In general, a healthy guinea pig’s urine looks clear, but it is not uncommon to be pale, cloudy, yellow, or white. That means, your guinea pig may be healthy even if its urine is not clear. 

If a guinea pig is very young, a whitish or brownish tint to the urine is usually normal.  However, it can be a sign of an underlying health problem, and that’s why you should take the issue seriously. 

A guinea pig’s urine turns cloudy if it contains excessive amounts of calcium compounds. If the urine looks pinkish or red, it is probably because the urine contains blood. 

Gritty compounds in the urine may indicate sludge in the bladder. In contrast, powdery deposits are normal. If there is blood in the urine, it may be a sign that your piggy is suffering from an urinary tract infection. 

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Different Color of Urine

The color of a guinea pig’s urine can change from time to time, even if the animal is healthy. However, just by looking at the shade of the urine, you can learn about the overall health of your piggy. Let’s dive in:

Clean and transparent: If your guinea pig’s urine is clean and transparent, you can tell that your piggy is fine. But it is also important to notice if the guinea pig is drinking too much water.

Normally, a guinea pig drinks about 100 ml of water daily. Yes, drinking more water is a good habit. Drinking too much water is a result of kidney problems. 

Milky yellow: A milky yellow shade in your piggy’s urine is a sign that the diet contains too much calcium, and the animal may develop calciuria sometime in the future.

Just switch to a low-calcium diet and you will notice a difference. If the guinea pig has alfalfa hay, consider switching to timothy hay.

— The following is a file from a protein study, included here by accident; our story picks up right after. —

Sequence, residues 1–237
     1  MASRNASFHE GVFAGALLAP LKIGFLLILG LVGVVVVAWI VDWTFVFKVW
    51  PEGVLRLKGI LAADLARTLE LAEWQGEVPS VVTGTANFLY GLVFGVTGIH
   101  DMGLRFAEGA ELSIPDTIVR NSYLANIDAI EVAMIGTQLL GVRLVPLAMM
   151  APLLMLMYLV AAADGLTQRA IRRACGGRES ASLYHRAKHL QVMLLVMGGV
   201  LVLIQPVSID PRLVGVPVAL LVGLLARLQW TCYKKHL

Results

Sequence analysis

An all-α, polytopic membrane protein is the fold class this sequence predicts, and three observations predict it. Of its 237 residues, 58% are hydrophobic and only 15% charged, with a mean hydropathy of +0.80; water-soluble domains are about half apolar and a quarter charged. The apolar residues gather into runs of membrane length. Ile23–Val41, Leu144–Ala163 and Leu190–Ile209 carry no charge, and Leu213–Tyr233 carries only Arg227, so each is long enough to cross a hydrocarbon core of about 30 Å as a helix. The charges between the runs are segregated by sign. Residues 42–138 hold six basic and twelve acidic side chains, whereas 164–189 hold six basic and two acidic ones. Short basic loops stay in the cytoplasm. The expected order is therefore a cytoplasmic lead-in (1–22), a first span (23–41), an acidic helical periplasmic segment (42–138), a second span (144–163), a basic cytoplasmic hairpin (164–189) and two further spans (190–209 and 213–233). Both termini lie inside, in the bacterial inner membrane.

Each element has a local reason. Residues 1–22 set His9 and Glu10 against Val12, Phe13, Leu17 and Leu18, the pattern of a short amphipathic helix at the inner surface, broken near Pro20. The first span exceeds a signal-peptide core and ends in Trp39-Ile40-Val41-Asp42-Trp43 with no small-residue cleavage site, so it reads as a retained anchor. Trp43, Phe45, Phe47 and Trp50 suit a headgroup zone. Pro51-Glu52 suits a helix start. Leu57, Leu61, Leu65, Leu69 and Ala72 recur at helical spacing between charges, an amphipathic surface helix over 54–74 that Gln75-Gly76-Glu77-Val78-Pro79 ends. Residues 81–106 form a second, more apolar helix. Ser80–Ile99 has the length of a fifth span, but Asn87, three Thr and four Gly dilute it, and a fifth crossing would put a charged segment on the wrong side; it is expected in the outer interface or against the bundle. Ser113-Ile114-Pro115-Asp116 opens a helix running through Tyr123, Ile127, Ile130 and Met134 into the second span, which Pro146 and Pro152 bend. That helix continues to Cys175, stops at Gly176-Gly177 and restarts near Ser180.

White: As we have already stated, white urine can mean that your piggy is consuming too much calcium-rich food, and the excess calcium is being excreted via the urine. 

Bright yellow: It’s normal. As long as your piggy eats and drinks well, don’t worry about the bright yellow shade in the urine. 

Red: Some particular food items such as beetroot, dandelion, carrot, and red cabbage can be responsible for a red tint in your guinea pig’s urine.

This red pigmentation can also be caused by antibiotic medicines. During winters, a sudden drop in temperatures can also cause this problem.

It is to be noted here that many people mistake red urine for blood. If untreated for a long time, this issue can lead to serious health complications.

Brown: If the pea is brown, usually it is not a matter of concern. It can be caused by bladder pigments. In older pigs, brown colored urine is often accompanied with constipation. Your piggy most probably has constipation if the fecal waste sticks in the gut. 

Pink: A guinea pig’s urine may look pink if blood is present in it. It can also be caused by excess calcium in the diet. Eating cranberries and strawberries can also be responsible for the problem. 

Orange: An orange shade in the urine is mainly caused by dehydration. Pigmentation can also make the urine look orange. Just make sure your piggy is adequately hydrated and the orange tint will go away. 

A host of diseases can be prevented just by identifying the color of your piggy’s urine. White litter can help you identify the urine color. 

In Short

Paying attention to the color of your guinea pig’s urine can be an effective way to learn about the overall health of the animal. 

If the urine looks white and you let the condition go untreated for a long time, eventually it may lead to serious issues such as bladder stones. 

As long as the condition is in its initial stages, you can address the issue just by reducing the amount of calcium-rich food in the diet.